Stack effect inference
Slava Pestov <slava@...
2008-06-07 19:00:16 GMT
For a while now Factor has required that the stack effect be declared
on recursive words. Non-recursive words did not require a declaration,
but it was considered good style to add one except for the most
trivial words (such as those pushing constants on the stack).
Well, the problem is that I recently realized any word can technically
become recursive, _except_ those that push constants on the stack! So
what we have now is unsound.
Consider this scenario:
You're working at a large enterprisey firm on a project with lots of
Developer A writes the following code:
GENERIC: a ( x -- y )
GENERIC: c ( x -- y )
Developer B writes the following code:
: b ... a ... ; ! no stack effect declaration -- but it's not recursive!
M: foo c ... b ... ;
Developer C writes this:
M: bar a ... c ... ;
Wham, suddenly 'b' is recursive, because we have a cycle in the
control flow graph: a -> c -> b -> a, which didn't exist before! But
developer C doesn't care about the word 'b', they may not know it
exists even, but they just broke it.
This scenario is not contrieved; it comes up in extra/ from time to
time. Someone will add some code which defines a bunch of methods,
then suddenly the compiler starts complaining about some totally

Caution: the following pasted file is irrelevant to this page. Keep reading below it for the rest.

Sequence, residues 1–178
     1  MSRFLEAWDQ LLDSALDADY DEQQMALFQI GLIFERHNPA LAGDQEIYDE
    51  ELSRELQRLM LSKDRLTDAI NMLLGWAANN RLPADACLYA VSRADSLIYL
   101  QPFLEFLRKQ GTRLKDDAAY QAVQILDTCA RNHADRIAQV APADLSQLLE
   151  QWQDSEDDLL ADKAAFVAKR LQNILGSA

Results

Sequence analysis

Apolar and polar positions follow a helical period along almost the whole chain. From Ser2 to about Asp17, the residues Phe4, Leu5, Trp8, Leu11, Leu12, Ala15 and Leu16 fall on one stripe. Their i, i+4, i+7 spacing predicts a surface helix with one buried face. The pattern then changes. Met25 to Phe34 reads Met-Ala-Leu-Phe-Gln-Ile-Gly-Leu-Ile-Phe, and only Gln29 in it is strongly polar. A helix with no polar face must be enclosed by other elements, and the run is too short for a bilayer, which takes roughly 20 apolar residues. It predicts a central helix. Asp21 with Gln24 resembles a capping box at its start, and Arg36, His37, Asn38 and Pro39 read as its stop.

random word being recursive and needing a stack effect, such as this
word from calendar.format:
: YYYY year>> write-0000 ;
Surely it doesn't look recursive, but there is some path through the
call graph where write-0000 calls write, which calls some low-level
Unix I/O code, which somehow calls back into the calendar code...
To make matters worse, it doesn't _always_ complain about a word
needing a stack effect declaration. Sometimes things work out just
fine and it gets along without hitting the code path where it needs
the declaration to be there. So what we have here is that some guy
makes an innocent-looking change to the code, and at some undetermined
point in the future, a totally unrelated word may stop compiling.
The technical term for languages with such features is "toy
Since my plan is to use Factor to take over the world and get
disgustingly rich, this is not an acceptable state of affairs. There
are two solutions:
1) Revive the old stack effect inference algorithm which did not
require annotations at all.
2) Require stack effect declarations on all words except for the most
trivial ones which only push literals on the stack
I don't want to do #1 because the old algorithm was more complex, both
in terms of code and run time. So that leaves us with #2. I don't mind
having to annotate more words, what do you guys think?
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